ducks for sale :-(
chongqing is a hilly city - so much so that there are no bicycles anywhere. this means great vantage points for those looking to take photos. the streets themselves are a pleasure for pedestrains, unlike the streets of shanghai, crowded with construction equipment, trash, bicycles, motorcycles, and of course the 16 million residents of shanghai - not to say that chongqing isn't a big city itself - the 4th largest city in china - but i haven't seen the crush of people i saw in shanghai. here in chongqing little picturesque alleys often line the streets and many streets are found under a canopy of trees to provide shade.
i made my way to the remnants of the former chongqing city wall. it's not indicated on any of my maps and the only reason i knew about its existence is because i saw it from a taxi window yesterday. if you keep on following the wall it leads to a quaint little hutong, ancient stone steps, and old chinese people relaxing underneath trees. it's definitely a hidden gem and i felt like i was intruding on their quiet little hideout.
since there are no bicycles in chongqing, the cheapest way to move things around is by old fashion human power in the form of coolies armed with their ropes and poles, hauling supplies from hilltop to hilltop.
remnin concert hall
i walked all the way to the renmin concert hall, about 2 miles in this hot weather. bear in mind that the lunch i was looking to find never did get found and soon it started creeping towards dinner time and i wasn't hungry anyway, only stopping to get something to drink from a chinese supermarket that was selling live horseshoe crabs in their meat department.
remmin concert hall (interior)
renmin concert hall looks great from the outside but not so interesting from the inside. to make matters worse, you have to pay RMB$5 to get in (about 60 cents, but it's the principle that's at stake here). afterwards, having had enough of walking, and thoroughly no more energy left, i grabbed a taxi back to the hotel - coincidently, the price for the ride was also the same amount to get into the concert hall.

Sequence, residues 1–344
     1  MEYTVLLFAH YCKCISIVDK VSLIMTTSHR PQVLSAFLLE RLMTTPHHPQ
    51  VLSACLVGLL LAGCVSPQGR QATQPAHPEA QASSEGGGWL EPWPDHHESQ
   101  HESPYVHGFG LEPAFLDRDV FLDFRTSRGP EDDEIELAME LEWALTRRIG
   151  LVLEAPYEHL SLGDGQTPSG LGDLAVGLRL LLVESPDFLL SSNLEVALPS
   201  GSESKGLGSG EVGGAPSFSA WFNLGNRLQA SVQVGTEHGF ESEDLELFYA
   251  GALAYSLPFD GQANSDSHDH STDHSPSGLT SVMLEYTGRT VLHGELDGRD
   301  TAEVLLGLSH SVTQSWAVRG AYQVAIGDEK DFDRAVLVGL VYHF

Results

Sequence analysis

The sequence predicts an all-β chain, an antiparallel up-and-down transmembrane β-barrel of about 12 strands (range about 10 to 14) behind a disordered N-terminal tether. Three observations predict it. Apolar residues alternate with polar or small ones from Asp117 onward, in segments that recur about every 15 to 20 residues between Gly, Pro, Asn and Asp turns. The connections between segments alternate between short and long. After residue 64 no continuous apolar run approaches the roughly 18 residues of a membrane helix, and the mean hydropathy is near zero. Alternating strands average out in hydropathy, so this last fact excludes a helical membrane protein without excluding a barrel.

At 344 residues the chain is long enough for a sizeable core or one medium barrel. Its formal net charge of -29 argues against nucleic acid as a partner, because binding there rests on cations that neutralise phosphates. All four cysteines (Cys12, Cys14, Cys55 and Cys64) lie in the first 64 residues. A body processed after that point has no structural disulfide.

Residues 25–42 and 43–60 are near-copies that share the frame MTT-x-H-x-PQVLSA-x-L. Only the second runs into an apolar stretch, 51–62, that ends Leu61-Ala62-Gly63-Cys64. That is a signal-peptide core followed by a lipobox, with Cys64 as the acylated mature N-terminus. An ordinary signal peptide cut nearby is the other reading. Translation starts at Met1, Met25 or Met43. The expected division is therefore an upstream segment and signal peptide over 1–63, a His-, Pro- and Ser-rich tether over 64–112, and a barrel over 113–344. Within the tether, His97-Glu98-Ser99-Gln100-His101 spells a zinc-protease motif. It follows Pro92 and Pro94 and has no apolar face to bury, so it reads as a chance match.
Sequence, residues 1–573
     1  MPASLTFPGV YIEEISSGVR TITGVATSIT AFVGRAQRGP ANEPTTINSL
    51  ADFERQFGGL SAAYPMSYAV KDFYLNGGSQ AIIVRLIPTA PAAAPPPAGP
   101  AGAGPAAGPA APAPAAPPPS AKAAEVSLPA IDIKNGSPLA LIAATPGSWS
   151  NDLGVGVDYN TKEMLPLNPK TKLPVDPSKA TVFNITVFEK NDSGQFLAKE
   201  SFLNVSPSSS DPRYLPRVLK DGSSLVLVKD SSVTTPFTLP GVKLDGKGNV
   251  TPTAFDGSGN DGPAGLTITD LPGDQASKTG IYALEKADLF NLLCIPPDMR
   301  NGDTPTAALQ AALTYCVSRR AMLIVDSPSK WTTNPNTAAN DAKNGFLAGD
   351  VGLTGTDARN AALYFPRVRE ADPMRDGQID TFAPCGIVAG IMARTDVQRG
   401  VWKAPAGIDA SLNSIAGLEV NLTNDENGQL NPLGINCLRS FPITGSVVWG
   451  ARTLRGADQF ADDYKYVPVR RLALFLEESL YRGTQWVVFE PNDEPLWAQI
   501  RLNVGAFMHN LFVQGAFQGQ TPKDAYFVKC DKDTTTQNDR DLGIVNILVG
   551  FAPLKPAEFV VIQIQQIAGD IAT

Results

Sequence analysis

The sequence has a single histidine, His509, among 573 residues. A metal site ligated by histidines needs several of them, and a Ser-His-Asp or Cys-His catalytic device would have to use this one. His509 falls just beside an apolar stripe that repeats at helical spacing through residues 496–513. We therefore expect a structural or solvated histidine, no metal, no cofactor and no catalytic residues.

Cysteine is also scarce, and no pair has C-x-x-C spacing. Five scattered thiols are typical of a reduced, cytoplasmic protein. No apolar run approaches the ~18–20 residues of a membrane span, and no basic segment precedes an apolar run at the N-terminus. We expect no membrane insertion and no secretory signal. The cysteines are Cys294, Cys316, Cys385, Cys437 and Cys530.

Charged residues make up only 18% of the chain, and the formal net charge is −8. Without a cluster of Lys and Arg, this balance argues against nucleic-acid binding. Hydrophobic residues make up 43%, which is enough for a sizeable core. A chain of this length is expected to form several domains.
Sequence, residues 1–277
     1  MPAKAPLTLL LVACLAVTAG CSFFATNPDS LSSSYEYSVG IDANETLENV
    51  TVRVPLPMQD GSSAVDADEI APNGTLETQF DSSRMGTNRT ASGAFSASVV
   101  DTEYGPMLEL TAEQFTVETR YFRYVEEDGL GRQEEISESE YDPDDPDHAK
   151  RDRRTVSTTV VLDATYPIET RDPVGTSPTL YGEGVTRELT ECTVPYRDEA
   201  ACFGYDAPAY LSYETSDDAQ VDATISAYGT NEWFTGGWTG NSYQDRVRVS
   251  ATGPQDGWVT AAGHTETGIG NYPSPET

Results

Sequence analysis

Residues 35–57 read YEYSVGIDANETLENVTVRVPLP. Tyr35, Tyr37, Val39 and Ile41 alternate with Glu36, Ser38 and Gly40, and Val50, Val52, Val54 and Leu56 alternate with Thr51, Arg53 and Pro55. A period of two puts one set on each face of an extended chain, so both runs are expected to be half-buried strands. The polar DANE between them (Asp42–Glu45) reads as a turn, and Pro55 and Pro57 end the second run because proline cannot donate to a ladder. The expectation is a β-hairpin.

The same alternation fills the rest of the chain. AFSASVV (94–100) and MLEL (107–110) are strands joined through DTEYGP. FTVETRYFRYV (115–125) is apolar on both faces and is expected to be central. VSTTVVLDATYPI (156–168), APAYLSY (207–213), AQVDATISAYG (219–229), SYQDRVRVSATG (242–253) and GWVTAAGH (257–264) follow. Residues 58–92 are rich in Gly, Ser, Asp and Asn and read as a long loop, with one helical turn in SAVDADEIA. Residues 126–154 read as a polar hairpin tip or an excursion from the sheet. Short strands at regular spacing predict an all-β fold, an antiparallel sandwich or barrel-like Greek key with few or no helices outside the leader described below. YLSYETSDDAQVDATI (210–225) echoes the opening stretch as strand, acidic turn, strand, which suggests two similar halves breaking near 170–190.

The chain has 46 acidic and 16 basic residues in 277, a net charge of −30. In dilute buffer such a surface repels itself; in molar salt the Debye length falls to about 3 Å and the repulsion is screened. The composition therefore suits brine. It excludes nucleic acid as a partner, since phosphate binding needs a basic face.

it'd be a crime to leave chongqing without having tried their world famous sichuan hotpot (although i can probably get more of the same in chengdu). i went down to a street that was lined with hotpot restaurants and picked one based on the most interesting neon signage. luckily i'd had my share of hotpot experience, otherwise i wouldn't know what to order. i still had to get the waitresses to help me though, when i told them i was from out of town ("like, way out of town, like, america"), and the manager of the restaurant even pitched in, coaching me from the sideline, her young daughter watching me intently, never having seen a person not experience sichuan hotpot before (that's a lie: i have, just not in sichuan). my favorite: duck tongue, which i've never had in a hotpot before but now i want it everytime. when it was finally over, my lips were numb from the peppercorns, my head was spinning from the bottle of black beer, and my shirt was gloriously stained with red hot chili oil splatter.
suwei decided not to leave chongqing tonight after all, so early tomorrow morning we're taking the train together to chengdu. we went out to downtown chongqing to buy our train tickets from the local branch office, but unfortunately we got their too late and they were closed. near the renmin monument, it reminded me very much of nanjing donglu, even down to the point where we were being constantly solicited by men with advertisements for massage or escort services. i asked suwei if they thought he was a foreigner, since he was getting so much attention. "no, it's you," he replied. later we took a taxi down to the train station itself to buy our tickets for tomorrow.